This is the tragic tale of an exhausted medical student, on the tail end of 5 consecutive interview trips away from home. This time, he’s in the faraway land of Pennsylvania.
The men stood up, pushing their chairs back as they shook hands, thanking each other briefly for their time. More thorough thank yous could wait; there was a plane to catch and a stack of blank thank you cards at home.
As soon as he was out of sight, he checked his watch. He had exactly two hours before his flight departed to deposit him across the state, where he would attend interviews at 2 more schools. There was no time to change out of his suit. Luckily, his flight time was less than an hour. He could handle being crammed onto an airplane in a suit for 45 minutes, especially when the entire plane would be looking at him thinking, “Wow, that guy must be important.” He stood up a little taller.
After dashing next door to his hotel to grab his bag, he was in a shuttle on his way to the airport. 1 hour and 30 minutes left, he thought, am I going to make it on time? A notorious worrier, he always assumed he would miss his flights and had been known to arrive at the airport two hours before a domestic flight. He paused for a moment to think, Gosh, is my propensity to arrive at airports way too early annoying to my wife and other loved ones? He shook the thought out of his mind. Preposterous.
Just as his worrying was reaching its peak, he realized his shuttle was at a standstill. Traffic. He put his head against the window in defeat, taking in the dreary city around him just as it started to rain. To calm his nerves, he sent a message to his beautiful and hilarious wife. Stuck in traffic. Weather sucks.
She wrote back, So your flight’s delayed?
He hadn’t even thought of that. He checked his flight status; his flight was delayed an hour. With this new information, at this rate he would make it to the airport 2 hours before his 45 minute flight. His ideal scenario. He sat back to enjoy the stop and go shuttle ride.
And then, at the airport, sat back at his gate to enjoy the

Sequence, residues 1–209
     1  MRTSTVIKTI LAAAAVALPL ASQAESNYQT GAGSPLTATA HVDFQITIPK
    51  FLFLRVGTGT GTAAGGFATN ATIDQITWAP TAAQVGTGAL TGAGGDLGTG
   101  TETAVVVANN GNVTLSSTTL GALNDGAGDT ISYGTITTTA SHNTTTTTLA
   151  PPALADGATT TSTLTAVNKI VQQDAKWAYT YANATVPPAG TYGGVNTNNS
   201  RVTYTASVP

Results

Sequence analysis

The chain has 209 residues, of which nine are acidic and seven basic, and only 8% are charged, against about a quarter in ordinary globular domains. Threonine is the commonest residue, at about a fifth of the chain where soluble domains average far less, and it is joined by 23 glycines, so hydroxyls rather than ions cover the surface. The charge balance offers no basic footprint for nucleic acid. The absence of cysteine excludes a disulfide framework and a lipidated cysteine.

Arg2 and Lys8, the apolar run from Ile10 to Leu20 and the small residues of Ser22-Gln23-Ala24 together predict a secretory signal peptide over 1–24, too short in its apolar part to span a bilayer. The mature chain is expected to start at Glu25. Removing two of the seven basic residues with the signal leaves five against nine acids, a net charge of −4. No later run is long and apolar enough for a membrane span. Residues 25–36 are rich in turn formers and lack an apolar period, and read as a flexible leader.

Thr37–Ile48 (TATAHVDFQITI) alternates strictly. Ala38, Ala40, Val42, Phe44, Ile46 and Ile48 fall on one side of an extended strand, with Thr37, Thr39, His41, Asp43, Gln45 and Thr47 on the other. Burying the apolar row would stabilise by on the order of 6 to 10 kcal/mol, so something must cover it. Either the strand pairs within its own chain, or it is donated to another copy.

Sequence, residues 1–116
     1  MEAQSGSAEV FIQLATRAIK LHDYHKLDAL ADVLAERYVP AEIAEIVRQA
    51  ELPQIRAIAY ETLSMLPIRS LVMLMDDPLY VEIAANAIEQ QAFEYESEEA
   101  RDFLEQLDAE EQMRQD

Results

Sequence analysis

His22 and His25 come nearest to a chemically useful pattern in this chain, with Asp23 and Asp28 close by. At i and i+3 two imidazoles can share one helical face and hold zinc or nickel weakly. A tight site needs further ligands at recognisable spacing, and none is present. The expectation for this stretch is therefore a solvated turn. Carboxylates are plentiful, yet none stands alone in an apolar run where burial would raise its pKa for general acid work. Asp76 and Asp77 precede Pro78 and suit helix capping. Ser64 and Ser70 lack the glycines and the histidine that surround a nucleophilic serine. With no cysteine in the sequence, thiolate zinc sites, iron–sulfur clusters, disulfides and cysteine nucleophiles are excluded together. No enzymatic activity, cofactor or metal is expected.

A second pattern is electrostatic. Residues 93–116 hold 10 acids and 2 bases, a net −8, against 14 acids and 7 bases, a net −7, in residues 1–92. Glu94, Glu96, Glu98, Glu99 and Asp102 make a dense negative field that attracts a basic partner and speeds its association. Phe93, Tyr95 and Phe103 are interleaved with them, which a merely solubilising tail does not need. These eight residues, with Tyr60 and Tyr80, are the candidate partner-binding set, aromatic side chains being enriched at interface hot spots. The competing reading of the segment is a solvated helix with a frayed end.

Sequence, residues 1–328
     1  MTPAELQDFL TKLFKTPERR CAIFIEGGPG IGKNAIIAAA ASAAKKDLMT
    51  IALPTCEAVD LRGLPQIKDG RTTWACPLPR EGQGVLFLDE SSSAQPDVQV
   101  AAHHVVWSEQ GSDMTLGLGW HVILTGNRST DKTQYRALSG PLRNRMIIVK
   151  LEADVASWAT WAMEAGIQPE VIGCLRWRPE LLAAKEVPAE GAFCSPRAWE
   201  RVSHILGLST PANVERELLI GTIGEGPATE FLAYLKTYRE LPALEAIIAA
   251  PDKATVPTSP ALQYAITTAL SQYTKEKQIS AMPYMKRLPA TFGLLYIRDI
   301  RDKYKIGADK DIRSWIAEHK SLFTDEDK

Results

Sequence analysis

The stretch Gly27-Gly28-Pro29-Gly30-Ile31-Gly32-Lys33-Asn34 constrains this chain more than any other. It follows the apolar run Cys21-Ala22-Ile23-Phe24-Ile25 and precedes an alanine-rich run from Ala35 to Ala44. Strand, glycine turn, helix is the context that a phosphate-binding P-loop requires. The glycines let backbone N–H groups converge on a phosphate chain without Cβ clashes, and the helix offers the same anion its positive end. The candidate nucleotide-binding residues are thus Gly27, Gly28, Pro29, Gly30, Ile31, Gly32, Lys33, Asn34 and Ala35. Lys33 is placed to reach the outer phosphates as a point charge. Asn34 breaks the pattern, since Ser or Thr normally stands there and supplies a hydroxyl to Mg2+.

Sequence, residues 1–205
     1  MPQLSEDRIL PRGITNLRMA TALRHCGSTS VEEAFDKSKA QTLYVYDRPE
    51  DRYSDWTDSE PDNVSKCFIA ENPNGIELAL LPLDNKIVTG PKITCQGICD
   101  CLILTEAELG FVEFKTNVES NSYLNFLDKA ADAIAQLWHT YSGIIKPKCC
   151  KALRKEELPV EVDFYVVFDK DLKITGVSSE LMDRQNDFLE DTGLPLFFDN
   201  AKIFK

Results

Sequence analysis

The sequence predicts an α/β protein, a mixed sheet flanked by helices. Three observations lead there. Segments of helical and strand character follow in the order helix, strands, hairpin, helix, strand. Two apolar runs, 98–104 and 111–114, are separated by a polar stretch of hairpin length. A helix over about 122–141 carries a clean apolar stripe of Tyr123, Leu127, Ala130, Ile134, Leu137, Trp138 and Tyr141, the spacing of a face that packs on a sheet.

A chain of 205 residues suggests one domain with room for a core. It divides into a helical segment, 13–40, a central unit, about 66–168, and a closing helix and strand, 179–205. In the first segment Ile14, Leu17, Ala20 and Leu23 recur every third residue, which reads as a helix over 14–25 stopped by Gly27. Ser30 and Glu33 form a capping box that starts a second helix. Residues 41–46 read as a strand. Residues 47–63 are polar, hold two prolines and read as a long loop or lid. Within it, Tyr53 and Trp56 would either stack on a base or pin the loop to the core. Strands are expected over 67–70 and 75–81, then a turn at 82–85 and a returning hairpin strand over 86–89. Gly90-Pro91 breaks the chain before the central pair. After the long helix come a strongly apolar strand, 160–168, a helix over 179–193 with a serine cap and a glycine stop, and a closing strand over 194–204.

1 2 3 hour delay.
Finally, he was on the airplane — his dinner plans ruined; his suit too wrinkled for anyone to believe he was of any importance. 45 minutes, he thought, exhausted, in 45 minutes I’ll be there and on my way to my bed.
Meanwhile, at home his wife watched TV and refreshed his flight status when she remembered. When a red bar appeared, she gasped. Because what else does one do when they’re checking to see if a plane made it safely and out of nowhere, a giant red bar that practically screams EMERGENCY! DANGER! pops up? Did no one think of this when they were designing the site? COME ON.
After circling Philadelphia in terrifying turbulence for over an hour, the plane finally landed, and the flight watched as the smelly, exhausted man in the wrinkled suit made his way off the plane. “Is he homeless?” they probably whispered to each other, “Do you think he stole that suit?”
He had only one thing on his mind: a bed. By the time they landed, it was almost midnight. He blocked the next 30 minutes out of his mind: the disgusting airport, the shuttle that never came. The next thing he remembered was standing in the lobby of his beautiful hotel as someone handed him keys, then standing in front of the door to his room, fumbling with the key and contemplating falling asleep on the carpet outside of the door if not for the sweet, sweet bed that awaited him inside.
He opened the door to his hotel room.
There was no bed.